Wednesday, April 23, 2014

What I have learnt from my recent visit to China

I always find it reassuring to receive confirmation of the universal nature of human qualities.  This is something we usually take for granted in everyday life. Politicians, for example, assume that those they negotiate with experience the same feelings they do, and are as horrified by the same injustices acting themselves out in far-flung places in the world out there as other politicians are.  We think, too, that ordinary human folk, reading of tragedies such as the recent loss of the airliner or the ferry disaster, will be able to understand the sufferings of the bereaved at one remove.  Unthinkingly for the most part, we assume that what others round the globe experience as suffering or joy mirrors our own experiences of suffering or joy.

Since as a five element acupuncturist my working life revolves around attempts to understand just what makes my patients suffer or be joyful, I am made particularly aware of my assumption of the universality of human emotions when I go to China, from where I have just returned.  I wrote in a previous blog on 30 March, “We all want to be heard”, which was about what I was expecting to be the focus of our seminar over there.  I can now truly say that not only did the Chinese acupuncturists show that they did indeed hear what their patients wanted them to hear, but that their responses to their patients reflected an increasing understanding and ability to respond to their patients’ emotional needs.

There were about 70 acupuncturists at the seminar, of whom half were new to five element acupuncture.  It was heart-warming to see how well those who were now practising five element acupuncture had integrated into their practice what they had learnt before.  The comforting impression I returned with was a mixture not only of deep satisfaction at how many acupuncturists are now treating only with five element acupuncture, but – and this is perhaps the most surprising aspect of it all – how much easier I always find it handing on my knowledge to Chinese acupuncturists than I used to do to my English students.  As I told them in China, “you are all already halfway there compared with European (and presumably also American) students, because an understanding of the elements is deeply embedded in all of you from the day you are born, whilst non-Chinese students have to learn what is initially an alien language from scratch.”  I well remember an English student asking me at the end of her first year at SOFEA, “but how do you know that there are things called elements?”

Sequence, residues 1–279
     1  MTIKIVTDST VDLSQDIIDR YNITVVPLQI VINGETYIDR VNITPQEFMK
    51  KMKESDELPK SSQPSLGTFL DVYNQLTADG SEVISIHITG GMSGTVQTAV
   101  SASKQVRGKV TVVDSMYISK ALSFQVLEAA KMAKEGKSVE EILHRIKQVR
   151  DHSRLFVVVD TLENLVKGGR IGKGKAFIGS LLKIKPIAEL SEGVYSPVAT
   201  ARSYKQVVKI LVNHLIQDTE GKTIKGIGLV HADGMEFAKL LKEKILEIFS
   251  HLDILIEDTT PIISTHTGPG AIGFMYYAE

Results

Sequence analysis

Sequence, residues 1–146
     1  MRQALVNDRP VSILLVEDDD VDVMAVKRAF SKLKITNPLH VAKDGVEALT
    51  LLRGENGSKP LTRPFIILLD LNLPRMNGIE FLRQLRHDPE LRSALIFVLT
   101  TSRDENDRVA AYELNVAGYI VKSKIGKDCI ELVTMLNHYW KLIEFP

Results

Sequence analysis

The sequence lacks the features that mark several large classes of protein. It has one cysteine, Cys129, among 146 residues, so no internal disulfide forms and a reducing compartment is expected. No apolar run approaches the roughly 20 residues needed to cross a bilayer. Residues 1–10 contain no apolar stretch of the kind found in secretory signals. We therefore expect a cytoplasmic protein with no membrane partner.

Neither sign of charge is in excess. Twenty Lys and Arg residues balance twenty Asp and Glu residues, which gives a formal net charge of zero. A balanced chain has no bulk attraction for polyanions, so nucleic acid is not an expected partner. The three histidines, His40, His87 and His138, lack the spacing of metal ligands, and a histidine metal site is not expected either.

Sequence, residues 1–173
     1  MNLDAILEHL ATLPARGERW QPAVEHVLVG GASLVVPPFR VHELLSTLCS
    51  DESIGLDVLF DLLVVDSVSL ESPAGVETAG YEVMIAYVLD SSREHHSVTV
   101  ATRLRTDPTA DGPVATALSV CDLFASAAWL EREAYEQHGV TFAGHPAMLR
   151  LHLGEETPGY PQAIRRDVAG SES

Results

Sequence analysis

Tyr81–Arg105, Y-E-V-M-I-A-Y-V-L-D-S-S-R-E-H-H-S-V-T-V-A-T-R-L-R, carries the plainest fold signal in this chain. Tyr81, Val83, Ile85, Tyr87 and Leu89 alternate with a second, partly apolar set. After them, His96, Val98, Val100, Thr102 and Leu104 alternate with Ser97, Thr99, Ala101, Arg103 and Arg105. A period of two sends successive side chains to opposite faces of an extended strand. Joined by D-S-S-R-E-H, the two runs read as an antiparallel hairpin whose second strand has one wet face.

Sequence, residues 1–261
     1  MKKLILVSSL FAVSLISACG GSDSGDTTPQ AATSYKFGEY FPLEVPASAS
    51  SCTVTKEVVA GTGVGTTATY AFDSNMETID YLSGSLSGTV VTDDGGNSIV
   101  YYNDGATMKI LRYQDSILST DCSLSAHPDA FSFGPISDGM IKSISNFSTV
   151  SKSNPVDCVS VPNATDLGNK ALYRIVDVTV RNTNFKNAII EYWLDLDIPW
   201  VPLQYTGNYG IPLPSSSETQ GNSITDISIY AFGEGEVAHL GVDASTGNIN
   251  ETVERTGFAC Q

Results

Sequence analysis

It is therefore a continuing delight to me to see how much of what I want to convey to others about the wonder of the elements’ presence within all of us is understood by my Chinese listeners almost before I open my mouth to speak.  I notice how relaxed this makes me feel, as though I am wandering in a landscape with familiar landmarks, rather than the often difficult terrain I have had to negotiate over the years as my five element beliefs encountered the surprisingly sceptical opinions of my TCM colleagues.

I am very fortunate indeed to be accompanied on my visits to China by two very dedicated fellow five element acupuncturists, Mei Long and Guy Caplan, Mei from the Netherlands and Guy from here in London.  We have now been together over there twice as a group, and Mei and Guy have also taught there once more without me in November 2013 when I was recovering from my recent illness.  We act as a very unified group, each of us having slightly different roles which complement each other.  It helps that Mei is Chinese and can speak without requiring the help of a translator.  I’m sure this is a welcome relief from the inevitably interrupted communications which Guy and I make as we wait for our words to be translated.  Again we were lucky to have two very good translators to help us, Caroline and Nuha, both themselves acupuncturists, and I noticed this time how many of the group understood more English than they admitted to, laughing at my jokes before they were translated.  I think there is quite a lot of English study going on during our absences.

And there were many jokes.  We had a very happy time indeed, working hard and playing hard, too – many lovely meals out, some Karaoke evenings, and a festive atmosphere as though all of us were enjoying a holiday together.  And this is how I think the Chinese group view their time with us, as one long drawn-out holiday experience.  In a way, I do, too, returning refreshed and stimulated by the enthusiasm and warmth with which we are surrounded throughout our time there.

I am only just getting used to carrying my own bags, too.  In China, I was not allowed to carry anything at all, a small group waiting patiently for us in the hotel foyer every day at whatever time we emerged from our rooms, ready to grab my bags and lovingly accompany us the 100 yards or so to the centre where we taught.  I can’t remember the last time anybody helped me carry my bags in England!

Sunday, April 6, 2014

A lovely Picasso saying

I have just come across something which Pablo Picasso apparently said:  “One starts to get young at the age of 60.”

I love that.  I am many years older than Picasso was when he said that, but I quite understand the feeling.  And it sends me off to China today very young in heart, if slightly creaky in body.